We hear it, we say it, we taunt the world with our words, and many of us secretly fear it, but we keep using the expression: “life is short.”
In the same way a skydiver mocks the power of gravity and stubbornly challenges the earth to try and scare her, we say things like, “life is short,” “you aren’t promised tomorrow,” and “only the good die young.” We speak flippantly and with cavalier dismissal about the brevity of existence. More philosophically we read the Roman thinker Seneca with a burn directed toward death:
Whatever can happen at any time can happen today.
Seneca, On the Shortness of Life
These taunts against mortality serve the same function as playground insults. They are our way of puffing out our chest and trying to go toe-to-toe with a bigger opponent. We try to convince death and the brief nature of life that we have accepted this battle between between here and gone and that we no longer fear it. The only problem is this bravado does not typically describe reality. We are not really inviting death to take its best shot. Truth be told we are generally running from it at any and all costs.
Like Seneca, David, in the Psalms, did not shy away from speaking of the shortness of life. Perhaps because of the decade of living under the threat of Saul’s sword, David came to both love staying alive while also remaining acutely aware that any moment might be his last. This is why David can write a Psalm like #144, where he begins by saying that the Lord is his rock and steadfast fortress – a statement of stability and heavenly victory – and at the same time suggest that His steadfast fortress might not actually protect him from the brevity of existence:
Man is like a breath; his days are like a passing shadow.
David, Psalms 144.4
- How can God be both our “fortress” and at the same time not be the guarantee that we won’t die?
- Is there a contradiction?
- Is David senile?
- Is this Rock not as helpful as David makes out?
I think a significant clue to understanding how David simultaneously holds these two, seemingly incongruent, ideas so confidently is found in the second half of Psalms 144.4.
David not only says that life is brief, but he makes the odd statement that the day-to-day reality of human life is “like a passing shadow.” Shadows have no substance in themselves, they are nothing more than evidences of the existence of something else, something tangible, something real.
So they are brief, and they are passing.
Part of the meaning of the word “passing” in the Hebrew has to do with something that goes in advance. The movement is a precursor, a starting point, a “before picture.” The idea here is that what we experience in this life, regular experiences and not just lofty spiritual moments, shows us something other than the most real part of life and existence.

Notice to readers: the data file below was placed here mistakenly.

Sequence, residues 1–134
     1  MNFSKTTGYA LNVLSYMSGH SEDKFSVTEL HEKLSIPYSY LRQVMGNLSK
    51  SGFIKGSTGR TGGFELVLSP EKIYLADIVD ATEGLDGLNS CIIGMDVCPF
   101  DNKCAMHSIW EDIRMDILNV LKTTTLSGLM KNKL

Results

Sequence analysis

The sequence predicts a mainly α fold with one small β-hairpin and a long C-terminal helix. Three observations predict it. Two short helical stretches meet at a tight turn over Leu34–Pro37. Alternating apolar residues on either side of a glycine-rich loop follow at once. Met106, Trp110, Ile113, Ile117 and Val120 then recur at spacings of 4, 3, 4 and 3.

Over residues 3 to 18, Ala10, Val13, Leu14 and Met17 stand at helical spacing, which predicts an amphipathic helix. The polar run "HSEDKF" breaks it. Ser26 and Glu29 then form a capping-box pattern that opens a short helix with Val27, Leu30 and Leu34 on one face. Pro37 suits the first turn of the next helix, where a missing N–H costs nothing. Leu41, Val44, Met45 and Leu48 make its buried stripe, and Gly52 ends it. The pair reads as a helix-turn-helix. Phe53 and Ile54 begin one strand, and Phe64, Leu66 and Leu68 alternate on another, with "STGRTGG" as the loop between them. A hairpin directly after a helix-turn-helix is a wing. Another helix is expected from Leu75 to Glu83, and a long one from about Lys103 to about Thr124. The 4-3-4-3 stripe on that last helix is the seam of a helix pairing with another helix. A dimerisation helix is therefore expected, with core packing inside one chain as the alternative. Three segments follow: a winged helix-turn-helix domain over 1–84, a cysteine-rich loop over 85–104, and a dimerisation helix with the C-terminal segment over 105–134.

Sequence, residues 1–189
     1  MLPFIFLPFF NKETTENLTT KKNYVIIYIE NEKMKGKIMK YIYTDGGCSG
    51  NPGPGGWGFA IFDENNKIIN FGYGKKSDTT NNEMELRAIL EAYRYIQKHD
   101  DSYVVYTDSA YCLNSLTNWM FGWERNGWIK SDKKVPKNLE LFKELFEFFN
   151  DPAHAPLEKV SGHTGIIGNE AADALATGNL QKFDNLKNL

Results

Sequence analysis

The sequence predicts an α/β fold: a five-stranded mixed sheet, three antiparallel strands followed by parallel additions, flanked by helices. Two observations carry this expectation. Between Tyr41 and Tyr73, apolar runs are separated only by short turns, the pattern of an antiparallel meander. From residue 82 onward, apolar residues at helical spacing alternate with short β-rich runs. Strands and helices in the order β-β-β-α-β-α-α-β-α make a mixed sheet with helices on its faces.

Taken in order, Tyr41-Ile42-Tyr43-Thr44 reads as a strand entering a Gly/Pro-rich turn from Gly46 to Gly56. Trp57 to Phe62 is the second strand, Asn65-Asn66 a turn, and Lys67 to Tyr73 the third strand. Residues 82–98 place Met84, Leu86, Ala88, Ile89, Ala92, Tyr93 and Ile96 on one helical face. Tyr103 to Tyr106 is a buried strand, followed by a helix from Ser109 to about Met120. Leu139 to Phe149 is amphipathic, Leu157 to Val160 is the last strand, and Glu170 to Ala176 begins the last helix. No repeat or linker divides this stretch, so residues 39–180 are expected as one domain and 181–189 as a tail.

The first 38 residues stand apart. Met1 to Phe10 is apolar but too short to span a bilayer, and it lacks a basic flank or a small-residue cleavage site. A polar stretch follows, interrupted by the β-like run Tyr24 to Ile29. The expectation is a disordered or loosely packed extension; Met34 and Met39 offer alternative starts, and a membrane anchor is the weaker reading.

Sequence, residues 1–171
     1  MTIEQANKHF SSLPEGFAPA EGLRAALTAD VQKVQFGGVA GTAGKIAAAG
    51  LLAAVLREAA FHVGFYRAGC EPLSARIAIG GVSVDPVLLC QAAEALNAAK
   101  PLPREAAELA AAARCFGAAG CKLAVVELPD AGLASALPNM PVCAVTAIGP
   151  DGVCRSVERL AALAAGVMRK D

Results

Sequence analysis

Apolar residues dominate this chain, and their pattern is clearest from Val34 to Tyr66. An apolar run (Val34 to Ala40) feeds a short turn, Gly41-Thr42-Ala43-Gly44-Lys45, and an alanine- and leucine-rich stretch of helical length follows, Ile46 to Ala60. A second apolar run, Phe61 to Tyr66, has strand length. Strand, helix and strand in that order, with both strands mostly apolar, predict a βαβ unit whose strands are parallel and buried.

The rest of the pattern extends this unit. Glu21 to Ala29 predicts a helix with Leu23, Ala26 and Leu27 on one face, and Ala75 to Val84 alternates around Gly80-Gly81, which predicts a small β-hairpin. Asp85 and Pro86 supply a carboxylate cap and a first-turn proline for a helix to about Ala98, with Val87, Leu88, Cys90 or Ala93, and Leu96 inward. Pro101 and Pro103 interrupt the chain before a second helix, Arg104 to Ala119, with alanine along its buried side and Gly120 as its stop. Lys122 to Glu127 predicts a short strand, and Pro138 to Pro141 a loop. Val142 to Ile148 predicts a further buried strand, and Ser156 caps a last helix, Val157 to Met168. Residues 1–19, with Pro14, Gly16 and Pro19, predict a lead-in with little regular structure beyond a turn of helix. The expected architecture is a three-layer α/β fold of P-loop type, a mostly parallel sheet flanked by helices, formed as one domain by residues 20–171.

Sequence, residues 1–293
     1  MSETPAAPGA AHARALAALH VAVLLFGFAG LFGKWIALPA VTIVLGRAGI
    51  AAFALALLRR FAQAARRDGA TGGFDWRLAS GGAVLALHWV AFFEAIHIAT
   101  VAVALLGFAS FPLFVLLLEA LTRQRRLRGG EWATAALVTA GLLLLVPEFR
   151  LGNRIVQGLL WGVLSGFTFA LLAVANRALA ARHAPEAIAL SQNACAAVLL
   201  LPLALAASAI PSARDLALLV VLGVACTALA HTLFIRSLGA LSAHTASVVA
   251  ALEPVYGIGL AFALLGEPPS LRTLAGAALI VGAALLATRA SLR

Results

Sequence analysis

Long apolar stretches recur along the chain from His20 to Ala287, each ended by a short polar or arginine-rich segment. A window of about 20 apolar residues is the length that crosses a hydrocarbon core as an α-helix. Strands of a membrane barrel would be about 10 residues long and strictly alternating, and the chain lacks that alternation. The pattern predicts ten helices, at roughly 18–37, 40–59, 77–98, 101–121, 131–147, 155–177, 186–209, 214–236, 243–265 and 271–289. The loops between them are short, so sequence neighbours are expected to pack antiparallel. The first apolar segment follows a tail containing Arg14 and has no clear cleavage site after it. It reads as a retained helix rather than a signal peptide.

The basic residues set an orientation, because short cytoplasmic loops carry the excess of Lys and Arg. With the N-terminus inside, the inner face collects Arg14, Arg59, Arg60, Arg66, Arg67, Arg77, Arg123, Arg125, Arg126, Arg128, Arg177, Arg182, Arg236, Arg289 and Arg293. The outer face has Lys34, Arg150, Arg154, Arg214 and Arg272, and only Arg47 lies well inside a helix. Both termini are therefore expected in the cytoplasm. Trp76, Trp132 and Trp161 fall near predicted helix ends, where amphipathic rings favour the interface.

My shadow on the ground, cast by the evening sun, is a kind of accurate representation of me but it is accurate from a certain perspective. Earlier in the day my shadow is shorter than I actually am, later in the day it is longer than my tangible body. In fact, there are only two times each day when the angle of the sun even has the chance to cast an accurate representation of the body onto the ground – but even in those two moments no one would ever mistake a shadow for the real person.
What gives David the ability to call God his fortress and also hold so loosely to his own mortality? It is the reality that everything David believes God to be – all of the goodness, faithfulness, protection, help and love – is only a shadow of what God actually is. Not only that, but this shadow of God’s true self is interacting with a shadow of David in a world that is itself a land of shadows.
This means at least two important things for us today:
- First, the worst things we will experience today are not the truest things about life. Our headaches, heartaches and hardships are passing shadows; they are the elongated or smooshed images of distorted reality that we are tempted to accept as true. But these troubles will not last forever. In the larger scheme of things, they won’t even last very long: we are “like a breath.”
Keep encouraged that the parts of life that don’t seem right aren’t actually right. The parts of our days that seem to tell a different story than the one Jesus tells us are passing shadows that can catch our eye but cannot actually define the truest realities of God’s goodness and love.
- Second, the best things we will experience today are not the truest things about life. Our victories, laughter and moments of serenity are also passing shadows. Even when the shadow is a perfect representation (those two times each day), they are still nothing more than a shell of what God has actually created.
- We know joy, but not like we will know it one day.
- We know peace, but not like we will know it one day.
- We know love, energy, grace, rest and accomplishment, but not like we will know them one day.
It should also encourage us, even more so, that the best moments we experience in this season of existence will be no match for the depths of pleasure, joy and peace that we will know when the shadows are gone and all is light.
So, it’s okay that life is short. In fact, David encourages us to fully cling to life in this present world, enjoy what can be enjoyed and be faithful in all things. But remember that it will be the brevity of life that will open the door for us to see in fullness. Unless a seed dies it can’t experience the fruit it was created for.